Creating experiences

Office Bearers



What is endometriosis?

Endometriosis is a common gynaecological problem affecting women of reproductive age. It occurs when endometrium (tissue lining the inside of the uterus) starts growing on surfaces of other organs in the pelvis such as the ovaries, fallopian tubes, outer surface of the uterus, pelvic cavity, vagina, cervix, vulva, bladder or rectum.

What symptoms do patients with endometriosis experience?

Areas of endometriosis irritate the surrounding structures leading to pain during menstrual flow or intercourse, and scar-formation (adhesions). Patients may experience painful cramps in the lower abdomen, back or in the pelvis, heavy menstrual bleeding, painful bowel movements or urination and infertility.

What causes endometriosis?

The exact cause for the endometriosis is not known, but it is thought to be inherited through genes that run in families. Defects in the immune system, hormonal imbalances, or complications of surgery may cause women to develop endometriosis. One theory suggests that when endometrial tissue gets discharged during menstrual flow, some of the cells remain and get attached to organs outside the uterus.

How does endometriosis affect fertility?

Endometriosis may be a cause of infertility in women. The reason for this link is unclear but may be attributed to certain physical (scar tissue) and chemical (substances released by the endometriosis) hindrances to the release and fertilization of the egg and sperm, and its effect on the quality of the eggs and sperm present in the woman’s reproductive tract.

How is endometriosis diagnosed?

Your gynaecologist will ask you about your general health, your symptoms and perform a pelvic examination to feel for the presence of large cysts or scars. An ultrasound scan may also be performed to look for ovarian cysts. To confirm the diagnosis your doctor may recommend a laparoscopic examination with biopsy.

Diagnosis of endometriosis is important, not only to determine the cause of pelvic pain, but to also stage the condition (Stage 1 to 4) according to severity, which helps determine a woman’s risk for infertility. Women with stage 4 endometriosis may have damaged ovaries and blocked tubes, facing the highest level of infertility and requiring advanced fertility treatment

What are the treatments for endometriosis?

There are several treatment options available to minimize the pain as well as control heavy bleeding.

Pain Medication: Over the counter pain relievers may be helpful for mild pain. Nonsteroidal anti-inflammatory medications will be prescribed by your doctor in cases of severe pain.

Hormone Treatment: Hormone treatment is recommended if there is a small growth and mild pain. Hormonal preparations can be taken in the form of pills, shots, and nasal sprays. Birth control pills help to decrease the amount of menstrual bleeding.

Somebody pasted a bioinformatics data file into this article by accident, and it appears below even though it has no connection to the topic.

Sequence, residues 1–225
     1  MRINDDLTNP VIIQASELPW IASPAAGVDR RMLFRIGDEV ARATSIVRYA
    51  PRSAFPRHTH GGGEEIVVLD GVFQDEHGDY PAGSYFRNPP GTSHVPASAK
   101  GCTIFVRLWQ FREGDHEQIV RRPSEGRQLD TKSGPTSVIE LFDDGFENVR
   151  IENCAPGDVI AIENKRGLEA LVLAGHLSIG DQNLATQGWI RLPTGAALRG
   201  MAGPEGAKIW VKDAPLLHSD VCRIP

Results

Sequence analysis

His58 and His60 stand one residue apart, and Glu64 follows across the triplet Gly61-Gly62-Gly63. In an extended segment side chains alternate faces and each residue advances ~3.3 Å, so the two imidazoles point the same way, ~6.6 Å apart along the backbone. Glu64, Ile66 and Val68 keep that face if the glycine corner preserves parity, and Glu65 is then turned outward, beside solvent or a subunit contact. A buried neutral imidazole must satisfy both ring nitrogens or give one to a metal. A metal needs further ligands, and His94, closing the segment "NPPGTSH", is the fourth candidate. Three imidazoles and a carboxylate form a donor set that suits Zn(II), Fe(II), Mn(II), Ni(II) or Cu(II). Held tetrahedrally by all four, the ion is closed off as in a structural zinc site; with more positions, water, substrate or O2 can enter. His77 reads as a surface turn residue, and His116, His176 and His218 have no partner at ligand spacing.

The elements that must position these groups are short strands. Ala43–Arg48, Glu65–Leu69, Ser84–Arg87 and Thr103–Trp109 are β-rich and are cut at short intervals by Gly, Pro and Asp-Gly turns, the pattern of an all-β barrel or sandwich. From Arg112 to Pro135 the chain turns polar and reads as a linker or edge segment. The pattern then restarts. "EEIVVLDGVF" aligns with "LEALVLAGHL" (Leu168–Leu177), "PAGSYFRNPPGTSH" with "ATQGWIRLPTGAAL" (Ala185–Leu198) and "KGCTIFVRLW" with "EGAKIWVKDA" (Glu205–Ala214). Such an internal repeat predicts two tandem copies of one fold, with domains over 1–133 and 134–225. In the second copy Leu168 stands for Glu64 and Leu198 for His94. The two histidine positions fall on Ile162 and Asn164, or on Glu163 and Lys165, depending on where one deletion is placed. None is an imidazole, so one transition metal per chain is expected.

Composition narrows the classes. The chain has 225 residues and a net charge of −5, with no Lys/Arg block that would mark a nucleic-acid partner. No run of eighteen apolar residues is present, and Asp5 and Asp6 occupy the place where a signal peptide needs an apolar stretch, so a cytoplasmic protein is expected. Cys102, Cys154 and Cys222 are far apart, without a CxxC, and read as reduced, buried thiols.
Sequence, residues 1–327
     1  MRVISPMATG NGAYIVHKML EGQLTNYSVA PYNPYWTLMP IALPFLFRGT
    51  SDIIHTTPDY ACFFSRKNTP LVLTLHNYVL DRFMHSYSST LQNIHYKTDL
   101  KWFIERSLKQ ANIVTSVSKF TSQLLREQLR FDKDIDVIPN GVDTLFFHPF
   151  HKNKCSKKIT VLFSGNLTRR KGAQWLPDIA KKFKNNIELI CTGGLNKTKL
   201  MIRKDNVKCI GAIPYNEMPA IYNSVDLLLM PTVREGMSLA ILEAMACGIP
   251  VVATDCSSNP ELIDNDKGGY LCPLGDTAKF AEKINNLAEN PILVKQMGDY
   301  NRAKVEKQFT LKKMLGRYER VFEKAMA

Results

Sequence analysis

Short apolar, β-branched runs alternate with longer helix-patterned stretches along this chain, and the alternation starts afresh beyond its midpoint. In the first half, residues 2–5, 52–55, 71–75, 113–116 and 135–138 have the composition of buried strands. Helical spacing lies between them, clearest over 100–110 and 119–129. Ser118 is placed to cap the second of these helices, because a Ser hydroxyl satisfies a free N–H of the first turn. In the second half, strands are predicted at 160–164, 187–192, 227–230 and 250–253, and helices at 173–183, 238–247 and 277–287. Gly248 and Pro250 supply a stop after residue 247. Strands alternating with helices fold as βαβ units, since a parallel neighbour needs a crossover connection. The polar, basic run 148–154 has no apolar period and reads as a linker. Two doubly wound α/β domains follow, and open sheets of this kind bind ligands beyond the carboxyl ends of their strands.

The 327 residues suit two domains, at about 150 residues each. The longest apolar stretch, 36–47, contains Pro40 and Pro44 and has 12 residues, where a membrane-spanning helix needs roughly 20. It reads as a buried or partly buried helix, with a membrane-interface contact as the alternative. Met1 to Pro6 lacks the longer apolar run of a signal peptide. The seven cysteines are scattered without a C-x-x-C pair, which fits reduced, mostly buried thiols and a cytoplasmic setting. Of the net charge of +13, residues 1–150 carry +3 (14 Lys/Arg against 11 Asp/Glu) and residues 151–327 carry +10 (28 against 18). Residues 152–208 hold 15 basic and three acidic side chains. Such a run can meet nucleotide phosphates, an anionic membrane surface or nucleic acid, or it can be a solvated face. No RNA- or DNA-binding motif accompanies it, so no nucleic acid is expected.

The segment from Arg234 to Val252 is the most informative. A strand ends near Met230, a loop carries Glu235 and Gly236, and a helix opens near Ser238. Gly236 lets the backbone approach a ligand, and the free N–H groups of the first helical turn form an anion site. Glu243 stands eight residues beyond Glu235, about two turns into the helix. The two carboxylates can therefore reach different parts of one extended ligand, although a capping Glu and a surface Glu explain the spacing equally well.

Surgery: Surgery is an option for women having multiple growths, severe pain, or fertility problems. Options include:

  • Laparoscopy: During this surgery, growths and scar tissue are removed or cauterized. This is a minimally invasive technique and does not harm the healthy tissues around the growth.
  • Laparotomy or major abdominal surgery: This involves a larger cut in the abdomen which allows the doctor to reach and remove the endometriosis growth.
  • Hysterectomy: It is a surgery that involves removal of the uterus. This procedure is done when there is severe damage to the uterus and only if patient does not want to become pregnant in the future.

How is fertility enhanced for women with endometriosis?

There are many approaches to treating infertility associated with endometriosis. Laparoscopic surgery to remove scar tissue and other obstructions may result in success for conception in women suffering from mild-to-moderate endometriosis. It reinstates the normal structure of the reproductive tract and allows the organs to function better. Controlled ovarian stimulation (COS) along with intrauterine insemination (IUI), where egg release is stimulated and healthy sperm are injected into the uterus, is another option that can enhance fertility. More aggressive treatment with in-vitro fertilization (IVF) may be indicated in older women trying to conceive with endometriosis. Treatment is highly individualized and is based on many factors such as stage of disease, age of woman and duration of infertility.


Medical and scientific information provided and endorsed by the Australian and New Zealand Society of Reproductive Endocrinology and Infertility (ANZSREI) might not be relevant to a particular person’s circumstances and should always be discussed with that person’s own healthcare provider. Patient Information Sheets may contain copyright or otherwise protected material. Reproduction of Information Sheets by ANZSREI Members for clinical practice is permissible. Any other use of this information (hardcopy and electronic versions) must be agreed to and approved by the ANZSREI.

Disclaimer: All information presented on this page is intended for informational purposes only and not for rendering medical advice. The information contained herein is not intended to provide medical advice, diagnose, treat, cure or prevent any disease.


Creating experiences